Music therapy is defined by the American Music Therapy Association as “the clinical and evidence-based use of music interventions to accomplish individualized goals within a therapeutic relationship by a credentialed professional who has completed an approved music therapy program.”¹
Music therapy is an established health profession to address physical, emotional, cognitive, and social needs of individuals. Music therapists serve many populations, including, but not limited to individuals with Autism Spectrum Disorder (ASD), Alzheimer’s Disease, substance abuse, traumatic brain injuries, in hospice or palliative care, or individuals with other cognitive, rehabilitative, social, emotional, or mental health needs. Music therapists are employed in schools, hospitals, rehabilitation facilities, correctional facilities, private practice, etc.¹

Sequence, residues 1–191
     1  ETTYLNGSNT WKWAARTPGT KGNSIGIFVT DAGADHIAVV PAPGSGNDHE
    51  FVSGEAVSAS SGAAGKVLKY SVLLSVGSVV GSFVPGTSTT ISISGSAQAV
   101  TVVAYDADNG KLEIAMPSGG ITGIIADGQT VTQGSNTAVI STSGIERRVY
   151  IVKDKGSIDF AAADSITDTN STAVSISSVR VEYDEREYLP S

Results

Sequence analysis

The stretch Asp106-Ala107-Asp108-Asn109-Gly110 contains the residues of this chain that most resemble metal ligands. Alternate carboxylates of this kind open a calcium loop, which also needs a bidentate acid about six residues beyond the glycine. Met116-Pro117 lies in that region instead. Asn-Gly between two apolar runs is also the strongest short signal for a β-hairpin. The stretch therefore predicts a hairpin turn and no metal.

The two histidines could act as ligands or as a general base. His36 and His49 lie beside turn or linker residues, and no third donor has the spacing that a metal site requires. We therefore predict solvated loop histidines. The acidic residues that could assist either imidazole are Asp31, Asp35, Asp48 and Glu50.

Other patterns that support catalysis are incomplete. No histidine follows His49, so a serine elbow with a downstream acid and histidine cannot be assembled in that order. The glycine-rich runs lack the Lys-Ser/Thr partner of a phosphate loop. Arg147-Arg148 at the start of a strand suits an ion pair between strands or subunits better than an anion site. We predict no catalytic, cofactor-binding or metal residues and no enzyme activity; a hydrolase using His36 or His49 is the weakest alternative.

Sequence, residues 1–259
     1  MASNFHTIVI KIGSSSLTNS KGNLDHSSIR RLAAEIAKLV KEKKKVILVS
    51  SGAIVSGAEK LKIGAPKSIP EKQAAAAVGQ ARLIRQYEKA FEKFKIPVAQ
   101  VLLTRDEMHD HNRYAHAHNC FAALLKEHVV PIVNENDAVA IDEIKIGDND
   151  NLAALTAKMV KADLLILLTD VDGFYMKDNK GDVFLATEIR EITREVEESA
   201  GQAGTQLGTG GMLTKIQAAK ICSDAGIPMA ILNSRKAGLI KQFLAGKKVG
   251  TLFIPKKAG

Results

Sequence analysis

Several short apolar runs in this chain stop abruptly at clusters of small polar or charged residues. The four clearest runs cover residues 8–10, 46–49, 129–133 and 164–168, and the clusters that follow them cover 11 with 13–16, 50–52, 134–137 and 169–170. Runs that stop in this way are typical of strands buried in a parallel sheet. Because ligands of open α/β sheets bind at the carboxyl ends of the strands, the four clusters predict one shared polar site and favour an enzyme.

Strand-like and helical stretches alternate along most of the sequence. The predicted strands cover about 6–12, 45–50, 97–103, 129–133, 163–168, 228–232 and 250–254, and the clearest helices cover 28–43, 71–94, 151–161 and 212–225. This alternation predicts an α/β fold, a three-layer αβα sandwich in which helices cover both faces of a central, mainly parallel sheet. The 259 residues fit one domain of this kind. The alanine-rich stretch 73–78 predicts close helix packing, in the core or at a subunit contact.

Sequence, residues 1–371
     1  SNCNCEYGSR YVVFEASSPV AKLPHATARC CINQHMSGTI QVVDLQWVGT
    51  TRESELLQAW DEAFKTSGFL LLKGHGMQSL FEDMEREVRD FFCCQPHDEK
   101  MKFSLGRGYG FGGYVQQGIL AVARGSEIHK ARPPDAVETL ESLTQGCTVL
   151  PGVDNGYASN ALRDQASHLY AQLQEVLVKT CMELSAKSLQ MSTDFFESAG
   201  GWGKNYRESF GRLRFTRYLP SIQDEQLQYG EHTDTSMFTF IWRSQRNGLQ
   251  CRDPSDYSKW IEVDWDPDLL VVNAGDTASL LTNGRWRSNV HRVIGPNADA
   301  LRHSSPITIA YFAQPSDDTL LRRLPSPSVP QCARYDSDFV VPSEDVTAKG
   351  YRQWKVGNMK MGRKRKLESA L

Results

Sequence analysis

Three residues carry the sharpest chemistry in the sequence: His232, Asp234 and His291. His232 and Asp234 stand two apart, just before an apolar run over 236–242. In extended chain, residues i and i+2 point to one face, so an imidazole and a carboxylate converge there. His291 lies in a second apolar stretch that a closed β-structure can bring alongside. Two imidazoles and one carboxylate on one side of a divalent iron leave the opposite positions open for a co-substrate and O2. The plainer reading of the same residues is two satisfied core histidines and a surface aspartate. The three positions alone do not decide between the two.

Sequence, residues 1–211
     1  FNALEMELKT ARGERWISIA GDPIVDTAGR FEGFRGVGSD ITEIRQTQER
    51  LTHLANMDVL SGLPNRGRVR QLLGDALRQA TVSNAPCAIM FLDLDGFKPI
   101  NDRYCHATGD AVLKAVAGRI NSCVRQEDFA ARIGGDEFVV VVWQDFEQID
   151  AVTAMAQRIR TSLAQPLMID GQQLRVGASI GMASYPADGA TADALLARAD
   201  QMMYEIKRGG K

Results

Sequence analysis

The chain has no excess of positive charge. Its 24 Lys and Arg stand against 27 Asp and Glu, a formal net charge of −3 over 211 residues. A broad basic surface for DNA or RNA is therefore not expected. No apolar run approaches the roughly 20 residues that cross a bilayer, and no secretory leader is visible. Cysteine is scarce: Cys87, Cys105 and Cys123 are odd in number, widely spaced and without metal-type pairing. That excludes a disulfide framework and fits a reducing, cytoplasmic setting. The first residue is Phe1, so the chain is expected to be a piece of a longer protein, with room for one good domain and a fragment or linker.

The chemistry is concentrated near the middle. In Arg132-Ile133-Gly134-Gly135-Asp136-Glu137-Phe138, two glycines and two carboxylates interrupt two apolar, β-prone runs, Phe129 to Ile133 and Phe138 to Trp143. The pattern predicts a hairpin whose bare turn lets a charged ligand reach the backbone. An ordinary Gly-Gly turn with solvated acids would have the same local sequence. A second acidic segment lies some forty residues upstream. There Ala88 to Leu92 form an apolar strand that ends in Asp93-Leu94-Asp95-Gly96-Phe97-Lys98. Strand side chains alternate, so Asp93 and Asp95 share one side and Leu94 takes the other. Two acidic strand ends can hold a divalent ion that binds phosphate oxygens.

Music has the potential to unite people and communities through a shared experience. Neurologists believe that music is “universal yet multifarious” in that it is a shared form of expression, it is created both individually and communally, and it is an individual experience that many can become involved with at the same time.
(photo retrieved from google.com)